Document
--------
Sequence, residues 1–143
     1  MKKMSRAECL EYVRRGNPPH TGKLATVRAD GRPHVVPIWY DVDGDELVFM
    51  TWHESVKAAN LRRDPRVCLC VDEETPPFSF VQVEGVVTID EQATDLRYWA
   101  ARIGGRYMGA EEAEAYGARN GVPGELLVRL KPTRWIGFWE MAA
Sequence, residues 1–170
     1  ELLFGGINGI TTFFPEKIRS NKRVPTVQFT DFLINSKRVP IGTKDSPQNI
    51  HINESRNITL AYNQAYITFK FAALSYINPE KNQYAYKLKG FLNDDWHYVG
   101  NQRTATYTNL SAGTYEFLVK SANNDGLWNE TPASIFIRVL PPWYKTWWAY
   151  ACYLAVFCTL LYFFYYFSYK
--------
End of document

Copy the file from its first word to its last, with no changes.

Sequence, residues 1–143
     1  MKKMSRAECL EYVRRGNPPH TGKLATVRAD GRPHVVPIWY DVDGDELVFM
    51  TWHESVKAAN LRRDPRVCLC VDEETPPFSF VQVEGVVTID EQATDLRYWA
   101  ARIGGRYMGA EEAEAYGARN GVPGELLVRL KPTRWIGFWE MAA
Sequence, residues 1–170
     1  ELLFGGINGI TTFFPEKIRS NKRVPTVQFT DFLINSKRVP IGTKDSPQNI
    51  HINESRNITL AYNQAYITFK FAALSYINPE KNQYAYKLKG FLNDDWHYVG
   101  NQRTATYTNL SAGTYEFLVK SANNDGLWNE TPASIFIRVL PPWYKTWWAY
   151  ACYLAVFCTL LYFFYYFSYK